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Combining Crosstab Queries

P: 36
Hi again,

Ok, so I have about 15 crosstab queries. Each crosstab query is an employee's name. Within the query are the weeks as the column heading, the work order numbers as the row heading, and the hours as a value. Each query comes from a different employee table (1 table per employee). Is there any way I can combine all the queries into 1 query/report?
So far it seems to me that the only way I'll have a chance at making every employee name, week, work order number, and hours fit into one query would be to have a giant table of that information and work from there. Could someone please let me know if there is an easier way to show that information?

Thanks,
Tiffany
Aug 10 '07 #1
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7 Replies


Rabbit
Expert Mod 10K+
P: 12,357
Hi again,

Ok, so I have about 15 crosstab queries. Each crosstab query is an employee's name. Within the query are the weeks as the column heading, the work order numbers as the row heading, and the hours as a value. Each query comes from a different employee table (1 table per employee). Is there any way I can combine all the queries into 1 query/report?
So far it seems to me that the only way I'll have a chance at making every employee name, week, work order number, and hours fit into one query would be to have a giant table of that information and work from there. Could someone please let me know if there is an easier way to show that information?

Thanks,
Tiffany
I assumed all the information was already in one giant table. Is this not the case? How are the tables set up then?
Aug 10 '07 #2

P: 36
Each time an employee fills out the form, their information goes to their own table. So each employee has their own table. I'm finding more and more that one combined table is the more effective option so I will probably end up doing that....making my previous dilema a useless question. So I guess I don't really need any more help yet. Thanks for reading though :)

Tiffany
Aug 10 '07 #3

Rabbit
Expert Mod 10K+
P: 12,357
Each time an employee fills out the form, their information goes to their own table. So each employee has their own table. I'm finding more and more that one combined table is the more effective option so I will probably end up doing that....making my previous dilema a useless question. So I guess I don't really need any more help yet. Thanks for reading though :)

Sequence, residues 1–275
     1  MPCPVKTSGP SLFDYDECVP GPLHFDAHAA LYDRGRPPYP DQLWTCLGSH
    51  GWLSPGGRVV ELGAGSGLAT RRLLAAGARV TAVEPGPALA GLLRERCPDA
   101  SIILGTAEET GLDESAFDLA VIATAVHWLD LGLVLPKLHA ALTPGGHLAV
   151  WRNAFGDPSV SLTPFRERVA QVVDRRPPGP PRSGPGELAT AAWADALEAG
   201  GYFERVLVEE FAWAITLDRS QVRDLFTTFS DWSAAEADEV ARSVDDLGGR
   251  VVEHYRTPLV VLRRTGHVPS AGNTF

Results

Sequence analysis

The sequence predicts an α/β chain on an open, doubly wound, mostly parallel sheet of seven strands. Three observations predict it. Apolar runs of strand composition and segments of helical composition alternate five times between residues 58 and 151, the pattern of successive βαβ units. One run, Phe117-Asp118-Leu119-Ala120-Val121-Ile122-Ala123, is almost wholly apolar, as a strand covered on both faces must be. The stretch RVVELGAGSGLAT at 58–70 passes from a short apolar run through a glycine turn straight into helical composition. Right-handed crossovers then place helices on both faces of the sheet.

Tiffany
Good luck. You can make a large query using a union query. Don't forget to include a field to specify to whom the record belongs.
Aug 10 '07 #4

Scott Price
Expert 100+
P: 1,384
Each time an employee fills out the form, their information goes to their own table. So each employee has their own table. I'm finding more and more that one combined table is the more effective option so I will probably end up doing that....making my previous dilema a useless question. So I guess I don't really need any more help yet. Thanks for reading though :)

Tiffany
You might benefit more from reading this tutorial first:

Database Normalisation Tutorial

I.e. instead of one giant table, you would have an employees table, then a work orders table, etc... They link better through queries that way...

Regards,
Scott
Aug 10 '07 #5

P: 36
instead of one giant table, you would have an employees table, then a work orders table, etc... They link better through queries that way...
Thanks for the advice. I have a few of the tables you suggested. Unfortunately I don't know enough about relationships to do anything with them....a task for another day I suppose.

Thanks,
Tiffany
Aug 14 '07 #6

Scott Price
Expert 100+
P: 1,384
Thanks for the advice. I have a few of the tables you suggested. Unfortunately I don't know enough about relationships to do anything with them....a task for another day I suppose.

Thanks,
Tiffany
For that other day :-)

Relationships aren't really all that difficult to understand! Once you grasp the essential fact of Relational Databases that you should only store one unique piece of information in one place, it follows logically that you need to 'relate' or connect each piece of information that you have stored.

Relationships then are the connections between pieces of data. They exist in three forms: Many to Many, One to Many and One to One. The most common type of relationship is One to Many. It means that One piece of information (i.e. SalesmanID) can be related/connected to Many orders. From this example you can easily understand that Many to Many and One to One relationships refer to tables/subjects that store data in their own particular format.

All data stored in a database have these types of relationships inherently. All you are doing by designing your database correctly is reflecting the relations/connections that already exist!

As I think I mentioned in a post to the Database Normalization tutorial , the best/easiest to understand book that I know of is Database Design for Mere Mortals, 2nd edition by Mike Hernandez. I'm not trying to be his advertising manager, but I would strongly urge you to read the book! It's well worthwhile for anyone who works with databases.

Regards,
Scott
Aug 15 '07 #7

P: 36
Great thanks, I'll try that.

Tiffany
Aug 15 '07 #8

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